Charged over surveillance related to U.S. Embassy blast in Nairobi in 1998
American forces captured a leader of al-Qaeda indicted in the 1998 bombings of the U.S. embassies in Kenya and Tanzania, ending a 15-year manhunt by seizing him in broad daylight near the Libyan capital, said U.S. officials.
The suspect, born Nazih Abd al Hamid al-Ruqhay and known as Abu Anas al-Liby has been high on the list of the U.S. government’s most-wanted fugitives since at least 2000, when a New York court indicted him for his part in planning the embassy attacks. The FBI had offered a bounty of up to $5 million for information leading to his capture.
Al-Liby was captured alive near Tripoli in a combined operation by the U.S. military, the CIA and the FBI, and was in U.S. custody, said an American official.
His capture was the latest blow to what remains of the original al-Qaeda organisation after a 12-year-old U.S. campaign to capture or kill its leadership.
Al-Liby is not believed to have played any role in the 2012 attack on the U.S. diplomatic mission in Benghazi, Libya, say senior officials briefed on that investigation, but he may have sought to build networks connecting what remains of the al-Qaeda organisation to like-minded militants in his native Libya.
Senior officials of the Libyan transitional government said they were unaware of the operation that captured him. Some vehemently insisted that their forces would play no role in any such U.S. military operation on Libyan soil.
But a senior U.S. official said the Libyan government was involved in the operation.
Disclosure of the raid is likely to inflame anxieties among many Libyans about their national sovereignty, putting a new strain on the transitional government’s fragile authority. Many Libyans already suspect that their interim Prime Minister, Ali Zeidan, who previously lived in Geneva as part of the exile opposition to Muammar Qadhafi, of collaborating too closely with the West. Al-Liby (49), born in Tripoli, is believed to have joined bin Laden’s organisation as early as the early 1990s, when it was based in Sudan. He later moved to Britain, where he had been granted political asylum. U.S. prosecutors in New York charged him in a 2000 indictment with helping to conduct “visual and photographic surveillance” of the U.S. Embassy in Nairobi in 1993 and again in 1995.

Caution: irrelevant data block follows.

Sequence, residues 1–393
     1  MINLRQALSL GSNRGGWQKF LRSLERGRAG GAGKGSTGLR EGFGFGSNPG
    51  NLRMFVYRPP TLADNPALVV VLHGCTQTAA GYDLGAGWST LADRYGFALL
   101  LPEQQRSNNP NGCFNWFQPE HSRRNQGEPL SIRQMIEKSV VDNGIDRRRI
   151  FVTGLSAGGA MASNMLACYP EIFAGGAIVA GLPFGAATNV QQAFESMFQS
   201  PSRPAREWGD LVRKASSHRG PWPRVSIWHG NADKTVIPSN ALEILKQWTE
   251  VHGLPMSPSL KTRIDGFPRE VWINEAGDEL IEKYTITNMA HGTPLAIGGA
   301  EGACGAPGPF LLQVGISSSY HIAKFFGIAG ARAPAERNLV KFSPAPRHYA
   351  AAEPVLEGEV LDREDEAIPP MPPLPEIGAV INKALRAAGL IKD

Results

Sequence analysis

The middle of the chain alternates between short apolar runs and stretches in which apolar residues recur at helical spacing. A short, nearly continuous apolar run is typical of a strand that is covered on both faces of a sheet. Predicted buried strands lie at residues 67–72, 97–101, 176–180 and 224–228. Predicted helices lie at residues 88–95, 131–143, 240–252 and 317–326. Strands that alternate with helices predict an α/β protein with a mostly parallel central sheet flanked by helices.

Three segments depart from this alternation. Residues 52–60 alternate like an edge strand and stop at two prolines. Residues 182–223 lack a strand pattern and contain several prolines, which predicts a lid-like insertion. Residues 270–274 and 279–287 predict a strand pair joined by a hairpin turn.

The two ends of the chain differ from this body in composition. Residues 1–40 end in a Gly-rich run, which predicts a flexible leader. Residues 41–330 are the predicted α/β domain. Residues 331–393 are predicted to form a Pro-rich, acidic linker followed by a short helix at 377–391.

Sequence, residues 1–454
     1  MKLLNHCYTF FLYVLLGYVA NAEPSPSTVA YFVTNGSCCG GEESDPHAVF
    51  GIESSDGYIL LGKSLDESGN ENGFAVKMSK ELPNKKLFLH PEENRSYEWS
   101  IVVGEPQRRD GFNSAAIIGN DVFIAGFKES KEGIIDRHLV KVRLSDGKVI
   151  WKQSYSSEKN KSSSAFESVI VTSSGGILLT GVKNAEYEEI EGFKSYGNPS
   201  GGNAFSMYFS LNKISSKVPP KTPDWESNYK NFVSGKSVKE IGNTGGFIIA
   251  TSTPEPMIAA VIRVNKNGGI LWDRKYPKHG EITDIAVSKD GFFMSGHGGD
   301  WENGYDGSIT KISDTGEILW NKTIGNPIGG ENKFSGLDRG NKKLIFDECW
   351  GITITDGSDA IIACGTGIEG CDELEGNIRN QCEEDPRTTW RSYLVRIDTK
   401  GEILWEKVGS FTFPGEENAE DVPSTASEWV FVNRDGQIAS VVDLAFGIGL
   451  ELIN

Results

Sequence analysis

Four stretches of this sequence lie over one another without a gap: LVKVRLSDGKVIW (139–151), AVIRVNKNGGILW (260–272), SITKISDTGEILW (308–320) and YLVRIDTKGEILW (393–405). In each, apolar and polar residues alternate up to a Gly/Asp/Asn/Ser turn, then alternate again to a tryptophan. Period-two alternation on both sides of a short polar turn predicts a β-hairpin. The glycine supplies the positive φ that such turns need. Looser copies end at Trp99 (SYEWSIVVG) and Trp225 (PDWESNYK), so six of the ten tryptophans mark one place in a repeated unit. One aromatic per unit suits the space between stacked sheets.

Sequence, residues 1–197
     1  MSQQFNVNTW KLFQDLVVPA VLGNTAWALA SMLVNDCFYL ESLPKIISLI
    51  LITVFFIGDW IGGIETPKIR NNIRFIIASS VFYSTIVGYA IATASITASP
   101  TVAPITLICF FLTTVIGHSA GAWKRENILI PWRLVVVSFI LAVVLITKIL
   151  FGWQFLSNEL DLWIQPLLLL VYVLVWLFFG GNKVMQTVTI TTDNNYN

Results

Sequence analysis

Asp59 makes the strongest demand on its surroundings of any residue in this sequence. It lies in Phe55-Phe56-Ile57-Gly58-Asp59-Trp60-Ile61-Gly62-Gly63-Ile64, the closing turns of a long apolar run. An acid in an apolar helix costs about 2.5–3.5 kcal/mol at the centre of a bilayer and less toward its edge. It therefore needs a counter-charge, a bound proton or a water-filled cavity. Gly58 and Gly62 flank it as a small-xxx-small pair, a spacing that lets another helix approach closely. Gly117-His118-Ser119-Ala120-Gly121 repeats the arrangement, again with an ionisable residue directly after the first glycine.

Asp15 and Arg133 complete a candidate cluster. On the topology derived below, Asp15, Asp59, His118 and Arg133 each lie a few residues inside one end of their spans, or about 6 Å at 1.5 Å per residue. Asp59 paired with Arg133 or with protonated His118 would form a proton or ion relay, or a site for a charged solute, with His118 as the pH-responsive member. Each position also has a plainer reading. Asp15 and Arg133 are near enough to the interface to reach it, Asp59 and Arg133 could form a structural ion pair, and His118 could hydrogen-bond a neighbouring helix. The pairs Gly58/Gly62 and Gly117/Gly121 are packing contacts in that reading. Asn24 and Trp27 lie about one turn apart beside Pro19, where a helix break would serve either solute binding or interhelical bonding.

In the indictment, prosecutors said he had discussed with another senior al-Qaeda figure the idea of attacking a U.S. target in retaliation for the U.S. peacekeeping operation in Somalia. After the 1998 bombing, the British police raided his apartment and found an 18-chapter terrorist training manual in Arabic. Titled “Military Studies in the Jihad Against the Tyrants”, it included advice on car bombing, torture, sabotage and disguise.
A U.S. official said al-Liby was to be brought to the U.S. for trial.
Since the overthrow of Qadhafi in 2011, Tripoli has slid steadily into lawlessness and become a haven for militants seeking to avoid detection elsewhere. American officials have acknowledged in recent months that al-Liby and other internationally wanted terrorists had been seen moving freely around the capital. His seizure was first reported on Saturday in a short online posting on Twitter by a Libyan-born counterterrorism analyst based in London, Noman Benotman.
The United States has sharply reduced its diplomatic presence in Libya since the attack that killed former Ambassador J. Christopher Stevens in Benghazi on Sept 11, 2012. But it maintains a robust effort there trying to study and track suspected terrorists. New York Times News Service